Wednesday, December 22, 2010
Holiday Traditions with Prime Rib Roast
Children especially love the magic that surrounds this season. It captivates them. They greatly anticipate sharing their favorite family activities with each other. For example every year on Christmas eve we would bundle up in layers of clothing to walk down this beautiful tree lined street in Fresno, California, Huntington Boulevard. The homes were larger than life and decorated for Christmas with lights and ornaments, nativity scenes and the baby Jesus. They were a wonderful sight to behold. You could not help but stop and soak in each of these homes for several minutes. You stood there in awe of the magic that homeowner brought to life right there in his very front yard. You loved the smiles and the wide eyed little children as they took it all in and wondered what Santa was going to bring them that night for Christmas. It was a family tradition in the making.
When it was time to go home and tuck the children into bed, we had another tradition. Every Christmas eve since my oldest daughter was born we read the story, "The Night Before Christmas". My youngest daughter, who is now 20 something, insists that I still read it to her on Christmas eve. As was the tradition, on Christmas eve I climb into my bed, call her on the phone and begin to read our story.
It is difficult not to get emotional and teary eyed as I think about those 3 small children with eyes so wide taking in all of the sights and sounds of Christmas. Now it is my children's turn to begin their own traditions for Christmas. It warmed my heart when my daughter told me that she had taken her own children to walk on those very same sidewalks on Huntington Boulevard that she walked as a little girl.
Another of our family traditions was the wonderful Prime Rib dinner my mother would prepare. This is a tradition that I am proud to say I have held onto myself.
Here is my recipe for a fool-proof Prime Rib dinner.No matter what size roast you have, you will start it in a pre-heated 450 degree oven for 15 minutes then reduce the temperature to 325 degrees for the balance of cooking time. Cooking times will vary depending on size of the roast and desired level of doneness. The following chart gives approximate times for to reach "rare" at various sizes.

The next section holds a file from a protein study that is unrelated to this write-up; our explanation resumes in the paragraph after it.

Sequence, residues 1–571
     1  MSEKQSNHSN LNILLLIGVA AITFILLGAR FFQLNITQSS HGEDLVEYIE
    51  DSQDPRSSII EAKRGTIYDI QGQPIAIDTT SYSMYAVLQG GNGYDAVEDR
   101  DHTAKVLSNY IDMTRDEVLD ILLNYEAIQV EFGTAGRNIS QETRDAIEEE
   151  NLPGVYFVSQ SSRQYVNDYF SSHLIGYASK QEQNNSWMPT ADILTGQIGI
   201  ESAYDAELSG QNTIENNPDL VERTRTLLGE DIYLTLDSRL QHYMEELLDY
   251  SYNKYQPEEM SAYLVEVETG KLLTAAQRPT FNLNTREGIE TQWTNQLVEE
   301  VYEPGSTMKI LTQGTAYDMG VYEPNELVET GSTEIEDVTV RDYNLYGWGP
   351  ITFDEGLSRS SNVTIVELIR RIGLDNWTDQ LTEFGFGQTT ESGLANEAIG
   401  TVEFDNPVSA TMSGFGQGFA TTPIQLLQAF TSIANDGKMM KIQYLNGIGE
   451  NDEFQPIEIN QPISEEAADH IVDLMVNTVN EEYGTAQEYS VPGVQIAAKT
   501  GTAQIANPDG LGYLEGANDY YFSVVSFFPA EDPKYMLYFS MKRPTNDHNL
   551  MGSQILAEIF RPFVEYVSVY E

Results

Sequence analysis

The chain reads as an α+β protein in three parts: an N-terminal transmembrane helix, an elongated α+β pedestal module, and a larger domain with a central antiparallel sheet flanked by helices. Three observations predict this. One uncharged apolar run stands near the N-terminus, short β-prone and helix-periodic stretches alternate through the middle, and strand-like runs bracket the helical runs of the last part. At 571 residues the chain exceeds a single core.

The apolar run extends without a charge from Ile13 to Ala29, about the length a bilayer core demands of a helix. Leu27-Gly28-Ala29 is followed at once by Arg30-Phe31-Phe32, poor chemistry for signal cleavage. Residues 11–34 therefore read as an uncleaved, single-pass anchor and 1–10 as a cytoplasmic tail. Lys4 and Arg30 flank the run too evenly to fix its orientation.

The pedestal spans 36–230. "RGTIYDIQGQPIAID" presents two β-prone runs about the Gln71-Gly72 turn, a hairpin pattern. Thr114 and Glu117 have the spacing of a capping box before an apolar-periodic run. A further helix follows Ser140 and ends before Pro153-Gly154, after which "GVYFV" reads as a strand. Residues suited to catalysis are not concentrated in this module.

Cooking Time for Rare (120°)
(3) Ribs, 7 to 8 lbs. 15 minutes at 450°, Then 1 ¼ to 1 ½ hours at 325°
(4) Ribs, 9 to 10 lbs. 15 minutes at 450°, Then 1 ½ to 2 hours at 325°
(5) Ribs, 11 to 13 lbs. 15 minutes at 450°, Then 2 to 2 ½ hours at 325°
(6) Ribs, 14 to 16 lbs. 15 minutes at 450° Then, 2 ¾ to 3 hours at 325°
(7) Ribs, 16 to 18 lbs. 15 minutes at 450° Then, 3 to 3 ¾ hours at 325°
Every half hour or so, baste the ends of the roast with the drippings. Use your meat thermometer about a half hour before the expected end of the roasting time. Make sure to insert it in the thickest part of the meat, not touching the fat or bone. When the internal temperature reaches 120°, pull it out of the oven and cover with foil. Let the roast sit for twenty to thirty minutes. It will continue to cook during this time, reaching a temperature of about 125° to 130°. This resting period allows the juices and flavors to permeate the roast.
Creamy Horseradish Sauce Recipe:
About ¼ to ½ cup of prepared horseradish mixed with two cups of sour cream.
Add two tablespoons of lemon juice and a teaspoon of salt.
Thoroughly mix the ingredients, adding more horseradish as desired.
Rare meats measure in at 120° to 125° with a bright red center that grows slightly pinkish towards the exterior. Medium rare meats measure between 130° to 135° and are characterized by their extremely pink center portion that grows brown towards the exterior. Medium meats have a light pink center, brown outer portions and readings of about 140° to 145°. Medium well is not pink at all and is achieved at 150° to 155°. Well done is reached at 160° and above and is characterized by a uniform brown color.